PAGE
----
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WASHINGTON (1/9/08)—In an ongoing effort to become an “all-electronic Treasury,” that department has announced it will launch the Direct Express card as a means to distribute checkless government aid funds to unbanked consumers. The Direct Express card will be introduced in the spring and is scheduled to be phased into national distribution by the end of the summer. The Treasury estimates that four million Social Security and Supplemental Security Income (SSI) check recipients do not have bank accounts. The department maintains that paper checks place recipients at greater risk of delivery delays due to poor weather or national or local emergencies. Also, that they are subject to other check-related problems, such as lost or stolen checks. American taxpayers would save, the Treasury’s Financial Management Service (FMS) estimates, about $44 million annually if every unbanked federal check recipient signed up to use the new card. "The explosive growth in the prepaid card industry offers an important opportunity for Treasury to give unbanked payment recipients secure, easy access to their funds, at low or no cost to the cardholder,” FMS Commissioner Judy Tillman said in a release. “We ultimately would like to see an all-electronic Treasury - with all the security, efficiency and cost savings that would entail. This card takes us closer to that goal by combining the best in payment innovation with sound public policy,” she added. Under the new program, payments each month will be automatically deposited on the Direct Express card account on the federal beneficiary's designated payment day. The arrangement will provide faster access to the funds than would a paper check that would be sent through the U.S. Postal Service. Also, card holders will be able to access their money at ATMs and financial institutions nationwide. They will be able to use their card to get cash back and make purchases at retail locations, as well as pay bills and make purchases online. In addition, the accounts will be PIN-protected, federally insured, and subject to federal consumer protection regulations, the FMS announcement said. The Treasury in recent years has been promoting direct deposit of SS and SSI funds through its Go Direct campaign, and claims 1.6 million direct deposit conversions through its efforts. The Credit Union National Association is a Go Direct partner.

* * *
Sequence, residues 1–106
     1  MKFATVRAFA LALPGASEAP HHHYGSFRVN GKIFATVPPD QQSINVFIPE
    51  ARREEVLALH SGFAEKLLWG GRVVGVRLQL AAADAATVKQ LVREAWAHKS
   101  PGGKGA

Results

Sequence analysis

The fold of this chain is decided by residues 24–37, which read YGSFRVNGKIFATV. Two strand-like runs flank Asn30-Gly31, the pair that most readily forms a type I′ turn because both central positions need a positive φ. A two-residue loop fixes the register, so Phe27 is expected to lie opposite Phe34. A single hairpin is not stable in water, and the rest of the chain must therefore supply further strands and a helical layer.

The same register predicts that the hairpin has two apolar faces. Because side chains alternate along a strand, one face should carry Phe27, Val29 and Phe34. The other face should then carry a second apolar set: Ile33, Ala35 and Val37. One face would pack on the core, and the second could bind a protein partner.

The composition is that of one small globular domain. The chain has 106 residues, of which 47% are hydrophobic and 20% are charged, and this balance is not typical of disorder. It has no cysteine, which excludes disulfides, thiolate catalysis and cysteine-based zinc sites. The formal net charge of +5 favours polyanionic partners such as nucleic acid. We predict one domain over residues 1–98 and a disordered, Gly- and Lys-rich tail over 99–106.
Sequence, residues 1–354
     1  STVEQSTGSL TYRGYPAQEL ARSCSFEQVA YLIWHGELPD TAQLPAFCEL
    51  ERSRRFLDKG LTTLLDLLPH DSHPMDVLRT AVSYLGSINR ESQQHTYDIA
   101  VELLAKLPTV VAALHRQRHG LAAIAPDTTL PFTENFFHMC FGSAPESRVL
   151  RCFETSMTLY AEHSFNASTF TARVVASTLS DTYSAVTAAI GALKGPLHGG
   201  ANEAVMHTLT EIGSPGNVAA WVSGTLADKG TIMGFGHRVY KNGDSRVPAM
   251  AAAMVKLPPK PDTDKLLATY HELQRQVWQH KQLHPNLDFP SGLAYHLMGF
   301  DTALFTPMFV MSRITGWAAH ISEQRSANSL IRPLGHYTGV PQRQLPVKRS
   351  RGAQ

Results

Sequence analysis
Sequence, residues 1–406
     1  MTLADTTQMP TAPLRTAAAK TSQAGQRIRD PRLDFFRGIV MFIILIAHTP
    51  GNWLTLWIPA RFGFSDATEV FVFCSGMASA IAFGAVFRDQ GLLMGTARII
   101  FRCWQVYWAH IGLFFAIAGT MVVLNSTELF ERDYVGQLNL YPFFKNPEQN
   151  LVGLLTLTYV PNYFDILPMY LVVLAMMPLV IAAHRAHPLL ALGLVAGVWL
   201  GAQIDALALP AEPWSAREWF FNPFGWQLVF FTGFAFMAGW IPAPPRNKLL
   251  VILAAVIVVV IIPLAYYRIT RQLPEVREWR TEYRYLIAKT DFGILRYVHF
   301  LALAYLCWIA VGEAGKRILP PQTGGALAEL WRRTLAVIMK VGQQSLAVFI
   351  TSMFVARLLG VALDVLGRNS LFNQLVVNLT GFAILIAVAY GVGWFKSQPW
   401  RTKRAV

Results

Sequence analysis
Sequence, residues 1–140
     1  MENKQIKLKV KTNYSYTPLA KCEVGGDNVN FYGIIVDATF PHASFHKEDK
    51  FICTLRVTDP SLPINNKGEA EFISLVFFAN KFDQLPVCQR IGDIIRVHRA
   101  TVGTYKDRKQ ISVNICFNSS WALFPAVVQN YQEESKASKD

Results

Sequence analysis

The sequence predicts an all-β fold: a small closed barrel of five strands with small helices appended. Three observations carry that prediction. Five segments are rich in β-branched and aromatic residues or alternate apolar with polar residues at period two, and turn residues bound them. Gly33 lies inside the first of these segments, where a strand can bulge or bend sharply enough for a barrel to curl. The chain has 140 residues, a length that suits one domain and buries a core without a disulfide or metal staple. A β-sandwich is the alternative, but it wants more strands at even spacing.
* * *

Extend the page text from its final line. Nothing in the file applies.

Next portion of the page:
CUNA urges examiner training on loan workouts